Successful Hair Cutting

  • Before your child’s haircut you may want to think about the following:-
  • Speak with the salon manager about just coming in so that your child can be acquainted with the environment
  • Schedule an appointment during a time when the salon is not as crowded so there are less distractions.
  • Identify reinforcers or preferred items that your child likes. For some children it’s a favourite toy or book, but for others it may be a treat. Your child can earn the item as a result of successfully completing the steps requested. For some children this may mean all the steps necessary for getting a haircut, for others it may mean to complete a predetermined number of steps. As these steps are mastered more steps can be added until the haircut is successfully completed. It is important that your child is successful and has earned the reward at the end of the sessions. This way the experience may be remembered as positive.
  • Take a digital picture of the reinforcer or preferred item to remind your child what they are earning.
  • Review the steps of getting a haircut with your child (see the visual schedule)
  • Practice the steps of getting a haircut with your child at home before bringing your child in for a haircut.
  • Get your child’s sensory system ‘ready’ for haircutting by using ‘deep pressure’ (proprioceptive) activities before you attempt a haircut. Some deep pressure activities may include:-
    • Firm ‘bear’ hugs: Squeezing your child between large cushions or pillows Rolling a gym ball or roll over them using a firm pressure. Giving your child a firm, predictable massage over their back, shoulders and arms and work up to their head. When massaging your child’s body go with the direction of the hair growth rather than against it.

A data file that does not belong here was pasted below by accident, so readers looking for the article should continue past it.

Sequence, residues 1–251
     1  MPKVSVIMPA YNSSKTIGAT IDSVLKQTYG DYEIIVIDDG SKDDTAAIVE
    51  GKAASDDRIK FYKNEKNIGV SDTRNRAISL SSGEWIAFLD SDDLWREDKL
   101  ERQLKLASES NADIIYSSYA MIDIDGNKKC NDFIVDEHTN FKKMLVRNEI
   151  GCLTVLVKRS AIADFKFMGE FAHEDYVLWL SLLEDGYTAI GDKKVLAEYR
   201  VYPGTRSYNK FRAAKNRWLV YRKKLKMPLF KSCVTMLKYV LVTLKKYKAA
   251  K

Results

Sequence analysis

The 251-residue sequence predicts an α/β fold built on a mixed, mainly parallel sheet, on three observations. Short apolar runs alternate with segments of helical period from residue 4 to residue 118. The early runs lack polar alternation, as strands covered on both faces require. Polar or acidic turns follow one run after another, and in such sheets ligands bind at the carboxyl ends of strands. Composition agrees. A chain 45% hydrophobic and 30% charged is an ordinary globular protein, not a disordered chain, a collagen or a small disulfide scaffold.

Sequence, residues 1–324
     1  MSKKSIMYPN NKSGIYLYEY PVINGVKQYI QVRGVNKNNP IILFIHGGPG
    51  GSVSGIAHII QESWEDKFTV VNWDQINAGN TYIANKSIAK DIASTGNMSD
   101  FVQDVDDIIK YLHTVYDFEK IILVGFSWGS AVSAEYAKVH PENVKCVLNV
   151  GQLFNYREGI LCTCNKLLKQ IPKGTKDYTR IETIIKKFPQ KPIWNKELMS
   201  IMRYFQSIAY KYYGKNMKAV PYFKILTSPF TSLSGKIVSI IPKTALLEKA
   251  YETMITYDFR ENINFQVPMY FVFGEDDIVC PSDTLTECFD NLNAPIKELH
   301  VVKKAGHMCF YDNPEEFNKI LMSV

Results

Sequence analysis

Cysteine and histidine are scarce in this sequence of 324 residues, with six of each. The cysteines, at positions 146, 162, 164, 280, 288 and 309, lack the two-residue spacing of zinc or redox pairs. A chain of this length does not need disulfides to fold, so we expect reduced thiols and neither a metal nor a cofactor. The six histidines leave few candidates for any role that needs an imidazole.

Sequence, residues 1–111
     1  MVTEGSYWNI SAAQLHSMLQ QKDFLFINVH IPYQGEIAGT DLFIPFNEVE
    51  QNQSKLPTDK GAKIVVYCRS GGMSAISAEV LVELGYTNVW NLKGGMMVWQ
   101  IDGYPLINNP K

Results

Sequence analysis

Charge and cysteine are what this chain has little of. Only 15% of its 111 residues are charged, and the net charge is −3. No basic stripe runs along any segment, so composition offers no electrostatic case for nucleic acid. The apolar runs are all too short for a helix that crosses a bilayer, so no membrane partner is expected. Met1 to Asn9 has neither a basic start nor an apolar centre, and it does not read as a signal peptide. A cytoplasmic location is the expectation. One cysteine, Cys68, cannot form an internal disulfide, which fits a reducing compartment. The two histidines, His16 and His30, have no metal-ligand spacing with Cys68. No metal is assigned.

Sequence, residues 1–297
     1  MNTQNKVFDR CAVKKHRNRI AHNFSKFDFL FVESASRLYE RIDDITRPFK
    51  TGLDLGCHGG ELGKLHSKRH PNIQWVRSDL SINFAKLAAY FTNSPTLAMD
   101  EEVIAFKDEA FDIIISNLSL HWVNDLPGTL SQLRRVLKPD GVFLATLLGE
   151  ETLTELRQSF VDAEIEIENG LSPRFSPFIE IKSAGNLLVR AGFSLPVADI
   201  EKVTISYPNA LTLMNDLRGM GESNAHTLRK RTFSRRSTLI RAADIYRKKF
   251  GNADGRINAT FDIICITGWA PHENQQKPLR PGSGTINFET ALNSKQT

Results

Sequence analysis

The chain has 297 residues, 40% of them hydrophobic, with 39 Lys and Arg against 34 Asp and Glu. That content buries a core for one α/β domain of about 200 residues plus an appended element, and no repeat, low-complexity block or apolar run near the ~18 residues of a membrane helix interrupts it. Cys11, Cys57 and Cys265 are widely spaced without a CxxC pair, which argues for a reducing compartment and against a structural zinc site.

• Wilbarger Therapressure Protocol (if you have been trained to do this by your child’s OT)
  • When drying their hair use firm strokes rather than light touch. Firm touch is more organizing and calming than light touch. Some children can find light touch quite alarming. The same principles apply when you are drying down your child after their bath/shower/swimming – apply firm strokes with the towel over their body
  • At other times, when you are sitting down with your child, e.g. watching TV, give them a head massage. This will help them get accustomed to having their head/hair touched. Start at the back and shoulders and move up to the head, using consistent and firm pressure.
  • If you visit a hairdresser choose one that is understanding. Consider the use of motivating distractions that may help keep your child calm, such as their favourite music, could the salon play their favourite DVD?, iPad/iPod, etc.
  • If you visit a hairdresser, drive past the salon on your way to the shops, school, etc. If you walk your child you could walk past the salon regularly so that your child becomes familiar with the area.

Using a Virtual Schedule

Children with autism often benefit from visual supports and schedules. The visual schedule here outlines the steps necessary to get a haircut. Families are welcome to copy the pictures and create a visual schedule for their child. You can copy the schedule and check off the activities as they occur. Alternatively you may like to take a series of your own photos depicting the specific salon or hairdresser you use, and create your own schedule using a similar format.